The various narrative threads being spun at the moment seem to indicate that denouement is not far off. Hopes of those looking for a soft landing and/or growth resumption are being pinned on the next round of stimulus. It may succeed in delaying the reckoning but it can’t prevent it unless structural reforms proceed apace. Unfortunately structural reforms are antithetical to any entrenched elite and China is no exception. As John K. Galbraith said, people of privilege will always risk their complete destruction rather than surrender any material part of their advantage.

A reading list of some recent and interesting China analysis (the preponderance of FT Alphaville links attests to their brilliance):

  1. General
    1. Andy Xie: http://articles.marketwatch.com/2012-05-17/economy/31749727_1_global-economy-commodity-prices-export-growth
    2. Michael Pettis: http://www.mpettis.com/2012/07/04/what-is-financial-reform-in-china/
    3. The Economist special report from May: http://www.economist.com/node/21555915
    4. John Hempton, Bronte Capital: http://brontecapital.blogspot.com.au/2012/06/macroeconomics-of-chinese-kleptocracy.html
  2. Dollar shortage
    1. http://ftalphaville.ft.com/blog/2012/07/09/1075431/china-and-those-dollar-shorts/
    2. http://ftalphaville.ft.com/blog/2012/06/26/1060301/chinas-amazing-short-usd-position/
    3. http://ftalphaville.ft.com/blog/2012/06/27/1061531/chinas-foreign-debt-keeps-rising/
    4. Tax cut to encourage overseas investment has to be seen in the context of dollar shortage: http://www.ft.com/cms/s/0/f2bff8ba-ccd0-11e1-b78b-00144feabdc0.html
  3. Falling demand
    1. http://ftalphaville.ft.com/blog/2012/07/10/1077271/more-slowdown-news-from-china/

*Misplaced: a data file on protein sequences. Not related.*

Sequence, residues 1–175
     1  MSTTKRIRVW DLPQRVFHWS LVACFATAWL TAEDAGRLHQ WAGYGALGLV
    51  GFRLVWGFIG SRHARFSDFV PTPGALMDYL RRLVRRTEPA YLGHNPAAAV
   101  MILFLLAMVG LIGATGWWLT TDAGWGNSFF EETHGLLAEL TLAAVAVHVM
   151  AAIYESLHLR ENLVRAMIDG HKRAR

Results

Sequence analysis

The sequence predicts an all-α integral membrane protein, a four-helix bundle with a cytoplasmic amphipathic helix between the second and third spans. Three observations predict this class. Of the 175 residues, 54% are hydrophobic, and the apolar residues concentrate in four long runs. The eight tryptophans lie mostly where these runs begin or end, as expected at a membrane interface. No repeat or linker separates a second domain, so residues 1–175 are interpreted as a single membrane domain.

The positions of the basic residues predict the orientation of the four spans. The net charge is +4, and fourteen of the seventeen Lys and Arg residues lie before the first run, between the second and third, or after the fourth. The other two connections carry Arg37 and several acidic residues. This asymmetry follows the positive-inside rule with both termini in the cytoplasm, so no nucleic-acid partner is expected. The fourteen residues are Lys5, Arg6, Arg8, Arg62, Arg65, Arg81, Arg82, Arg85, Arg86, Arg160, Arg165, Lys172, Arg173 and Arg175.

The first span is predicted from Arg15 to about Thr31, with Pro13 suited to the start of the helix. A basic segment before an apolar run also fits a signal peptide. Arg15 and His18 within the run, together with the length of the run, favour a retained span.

2. http://ftalphaville.ft.com/blog/2012/07/04/1071341/the-curious-story-of-sany-and-chinas-booming-inner-provinces/
    3. http://ftalphaville.ft.com/blog/2012/07/02/1066611/chinas-inventory-building-masking-a-bigger-demand-slump/
  4. No rebalancing
    1. http://ftalphaville.ft.com/blog/2012/07/13/1081961/china-doubles-down-on-imbalance/
    2. http://ftalphaville.ft.com/blog/2012/07/06/1073761/chinas-asymmetrical-and-anti-bank-rate-cut/
  5. Dodgy data
    1. http://ftalphaville.ft.com/blog/2012/07/17/1077301/is-chinas-electricity-data-worth-any-of-your-precious-attention/
  6. Kleptocracy
    1. http://ftalphaville.ft.com/blog/2012/07/11/1079141/a-tale-of-two-chinas/
    2. http://www.bloomberg.com/news/2012-06-29/xi-jinping-millionaire-relations-reveal-fortunes-of-elite.html
For those looking for more in-depth analysis, this book is a good starting point.

Although not recent but it provides an excellent account of China's financial system. The tales of financial repression and imbalances are not as shocking to an Indian as they would be to a westerner. Therefore the alarming tone is slightly overdone but it provides a comprehensive argument against sustainability of the Chinese model. The prose could be improved but then it is rare to find Shakespearean financial analysis.